Wheat Pest and Disease Update

  • Stripe Rust Update – April 11, 2016

    April 11, 2016

    Update from Kirk Broders, Assistant Professor in the Department of Bioagricultural Sciences and Pest Management, Colorado State University. Wheat in the Fort Collins area varies, but most is still in the tillering stage (Feekes 5). Wheat around the state is … Continue reading

  • Stripe Rust Discovered in Colorado

    March 31, 2016

    Rust diseases are among the most widespread and devastating economically diseases of cereal crops worldwide. The fungi that cause these diseases are notorious for their ability to increase rapidly and overcome the resistance of wheat or barley varieties. The potential … Continue reading

  • Agronomic Recommendations from Syngenta

    March 29, 2016

    Syngenta Crop Update: With winter wheat breaking dormancy, what are the next steps for growers? As temperatures rise and winter wheat continues to break dormancy across the country, Syngenta reminds growers to keep a close eye on their crops to … Continue reading

  • Stripe Rust Found in Colorado

    March 23, 2016

    Update from Kirk Broders, Assistant Professor in the Department of Bioagricultural Sciences and Pest Management, Colorado State University. It happened earlier than I expected, but we received our first confirmed report of stripe rust in eastern Colorado today. We had … Continue reading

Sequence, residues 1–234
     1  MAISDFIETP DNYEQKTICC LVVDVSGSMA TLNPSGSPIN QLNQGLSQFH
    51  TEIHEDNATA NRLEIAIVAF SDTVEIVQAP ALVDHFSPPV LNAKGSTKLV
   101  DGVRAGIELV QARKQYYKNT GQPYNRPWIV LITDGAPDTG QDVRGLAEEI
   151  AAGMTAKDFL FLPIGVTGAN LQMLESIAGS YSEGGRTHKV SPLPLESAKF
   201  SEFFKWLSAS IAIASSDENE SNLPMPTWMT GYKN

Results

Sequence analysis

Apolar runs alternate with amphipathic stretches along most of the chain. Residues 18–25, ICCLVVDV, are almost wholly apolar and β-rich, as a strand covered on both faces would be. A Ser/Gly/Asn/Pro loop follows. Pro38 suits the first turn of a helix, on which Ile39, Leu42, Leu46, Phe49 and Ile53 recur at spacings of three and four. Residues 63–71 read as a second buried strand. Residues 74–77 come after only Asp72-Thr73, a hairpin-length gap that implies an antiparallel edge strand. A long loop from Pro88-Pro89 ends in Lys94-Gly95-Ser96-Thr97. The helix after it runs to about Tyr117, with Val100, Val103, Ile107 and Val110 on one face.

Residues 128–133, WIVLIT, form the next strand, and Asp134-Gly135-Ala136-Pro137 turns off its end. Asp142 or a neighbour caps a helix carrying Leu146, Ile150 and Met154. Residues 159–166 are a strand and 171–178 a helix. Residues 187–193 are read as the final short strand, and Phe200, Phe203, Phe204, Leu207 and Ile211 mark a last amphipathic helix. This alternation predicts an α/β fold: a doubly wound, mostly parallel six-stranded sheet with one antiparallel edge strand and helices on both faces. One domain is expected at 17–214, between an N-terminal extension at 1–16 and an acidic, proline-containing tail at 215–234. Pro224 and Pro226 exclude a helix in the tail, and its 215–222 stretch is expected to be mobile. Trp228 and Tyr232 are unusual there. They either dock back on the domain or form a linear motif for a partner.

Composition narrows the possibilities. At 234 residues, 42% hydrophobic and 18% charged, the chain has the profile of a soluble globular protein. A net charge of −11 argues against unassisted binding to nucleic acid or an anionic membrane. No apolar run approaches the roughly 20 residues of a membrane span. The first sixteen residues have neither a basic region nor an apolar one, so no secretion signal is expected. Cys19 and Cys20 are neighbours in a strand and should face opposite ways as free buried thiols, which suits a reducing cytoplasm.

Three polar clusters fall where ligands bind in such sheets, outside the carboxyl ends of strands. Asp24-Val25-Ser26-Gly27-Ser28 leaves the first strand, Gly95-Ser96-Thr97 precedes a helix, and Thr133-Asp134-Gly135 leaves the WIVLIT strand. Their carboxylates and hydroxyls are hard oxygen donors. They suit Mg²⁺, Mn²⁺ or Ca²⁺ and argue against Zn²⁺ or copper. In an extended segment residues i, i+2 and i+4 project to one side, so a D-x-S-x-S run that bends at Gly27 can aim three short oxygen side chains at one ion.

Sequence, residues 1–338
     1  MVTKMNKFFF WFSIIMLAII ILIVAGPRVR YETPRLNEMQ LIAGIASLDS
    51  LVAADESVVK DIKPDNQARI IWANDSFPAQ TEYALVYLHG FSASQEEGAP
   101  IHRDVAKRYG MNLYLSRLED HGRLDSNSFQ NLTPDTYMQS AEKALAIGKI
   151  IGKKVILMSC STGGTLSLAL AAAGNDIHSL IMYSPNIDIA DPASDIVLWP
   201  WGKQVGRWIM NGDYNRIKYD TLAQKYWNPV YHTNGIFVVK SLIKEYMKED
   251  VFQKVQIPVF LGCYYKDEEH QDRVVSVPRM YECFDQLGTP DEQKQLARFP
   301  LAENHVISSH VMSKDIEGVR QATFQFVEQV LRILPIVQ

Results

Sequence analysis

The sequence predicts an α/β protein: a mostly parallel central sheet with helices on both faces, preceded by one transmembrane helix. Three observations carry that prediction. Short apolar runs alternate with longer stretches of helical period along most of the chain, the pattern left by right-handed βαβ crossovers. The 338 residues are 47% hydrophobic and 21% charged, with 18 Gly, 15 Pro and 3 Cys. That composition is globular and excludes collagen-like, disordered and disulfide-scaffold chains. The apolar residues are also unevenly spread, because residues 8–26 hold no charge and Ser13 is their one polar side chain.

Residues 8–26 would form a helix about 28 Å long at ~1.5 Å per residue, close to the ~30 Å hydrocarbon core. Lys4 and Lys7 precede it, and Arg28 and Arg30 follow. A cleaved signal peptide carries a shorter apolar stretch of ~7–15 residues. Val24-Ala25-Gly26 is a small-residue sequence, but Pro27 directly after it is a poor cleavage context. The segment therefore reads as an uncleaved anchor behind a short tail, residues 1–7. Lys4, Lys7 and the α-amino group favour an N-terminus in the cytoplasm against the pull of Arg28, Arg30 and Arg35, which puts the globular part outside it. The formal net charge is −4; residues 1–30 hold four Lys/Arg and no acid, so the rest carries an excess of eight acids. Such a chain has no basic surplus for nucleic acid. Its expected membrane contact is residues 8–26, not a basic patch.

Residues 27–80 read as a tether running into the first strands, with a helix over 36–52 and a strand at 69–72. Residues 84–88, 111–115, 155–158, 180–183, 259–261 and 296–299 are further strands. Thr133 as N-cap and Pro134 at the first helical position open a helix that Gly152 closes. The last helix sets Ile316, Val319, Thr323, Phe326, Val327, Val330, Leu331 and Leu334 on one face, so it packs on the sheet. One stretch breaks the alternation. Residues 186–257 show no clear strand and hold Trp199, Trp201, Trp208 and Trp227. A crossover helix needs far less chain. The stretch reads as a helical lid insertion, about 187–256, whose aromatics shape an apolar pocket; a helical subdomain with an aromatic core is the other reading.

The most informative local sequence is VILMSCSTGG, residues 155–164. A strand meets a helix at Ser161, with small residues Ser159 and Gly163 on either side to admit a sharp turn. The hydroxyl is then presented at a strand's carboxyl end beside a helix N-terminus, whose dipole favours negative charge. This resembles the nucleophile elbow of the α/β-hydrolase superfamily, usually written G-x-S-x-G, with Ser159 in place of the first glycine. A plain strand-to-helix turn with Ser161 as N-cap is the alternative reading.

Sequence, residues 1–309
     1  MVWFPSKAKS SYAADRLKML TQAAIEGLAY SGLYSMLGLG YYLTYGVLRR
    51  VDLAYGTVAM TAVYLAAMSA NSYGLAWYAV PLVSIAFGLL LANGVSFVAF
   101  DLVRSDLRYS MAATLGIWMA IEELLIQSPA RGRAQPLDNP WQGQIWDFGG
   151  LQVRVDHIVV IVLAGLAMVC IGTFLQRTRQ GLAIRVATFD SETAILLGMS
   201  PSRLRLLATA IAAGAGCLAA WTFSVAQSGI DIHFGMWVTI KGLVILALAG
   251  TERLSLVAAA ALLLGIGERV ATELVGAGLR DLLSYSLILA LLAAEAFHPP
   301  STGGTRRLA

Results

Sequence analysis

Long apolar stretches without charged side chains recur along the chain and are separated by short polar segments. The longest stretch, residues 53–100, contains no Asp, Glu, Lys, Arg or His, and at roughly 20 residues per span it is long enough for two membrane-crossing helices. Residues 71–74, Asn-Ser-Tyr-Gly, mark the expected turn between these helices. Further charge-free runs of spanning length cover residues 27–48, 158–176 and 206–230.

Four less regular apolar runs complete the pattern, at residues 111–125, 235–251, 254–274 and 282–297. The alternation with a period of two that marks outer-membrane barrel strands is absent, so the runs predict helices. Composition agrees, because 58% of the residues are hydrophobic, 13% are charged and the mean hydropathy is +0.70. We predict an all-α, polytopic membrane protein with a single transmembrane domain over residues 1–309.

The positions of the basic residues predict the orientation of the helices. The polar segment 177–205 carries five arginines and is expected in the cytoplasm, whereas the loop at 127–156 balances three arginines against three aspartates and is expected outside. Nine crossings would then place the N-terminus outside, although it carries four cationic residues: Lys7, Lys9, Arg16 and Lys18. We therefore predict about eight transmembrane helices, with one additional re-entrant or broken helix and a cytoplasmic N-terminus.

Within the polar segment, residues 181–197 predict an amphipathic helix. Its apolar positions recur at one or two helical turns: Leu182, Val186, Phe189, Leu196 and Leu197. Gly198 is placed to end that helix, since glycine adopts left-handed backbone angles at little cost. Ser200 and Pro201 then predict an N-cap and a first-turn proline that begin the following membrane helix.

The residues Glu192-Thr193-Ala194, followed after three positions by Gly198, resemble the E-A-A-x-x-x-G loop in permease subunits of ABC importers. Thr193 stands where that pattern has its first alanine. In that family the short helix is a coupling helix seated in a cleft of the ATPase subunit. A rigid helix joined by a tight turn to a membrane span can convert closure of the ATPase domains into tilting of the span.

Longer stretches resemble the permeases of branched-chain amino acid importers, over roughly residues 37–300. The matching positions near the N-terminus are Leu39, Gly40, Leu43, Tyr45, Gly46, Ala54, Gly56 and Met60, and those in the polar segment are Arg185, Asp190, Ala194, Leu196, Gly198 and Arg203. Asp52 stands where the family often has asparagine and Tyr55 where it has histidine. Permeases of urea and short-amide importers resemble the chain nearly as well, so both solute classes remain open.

• Wheat Rust Update – March 21

    March 21, 2016

    Wheat Rust update from Kirk Broders and Erick De Wolf: Update from Kirk Broders, Assistant Professor in the Department of Bioagricultural Sciences and Pest Management, Colorado State University. Stripe rust has been found in southeast Kansas and with the cool weather … Continue reading

  • Stripe Rust Update

    March 10, 2016

    Update on Stripe Rust from Kirk Broders, Assistant Professor in the Department of Bioagricultural Sciences and Pest Management, Colorado State University. Both stripe and leaf rust are active in southern Texas, with 1 report of stripe rust in Oklahoma. Below is a … Continue reading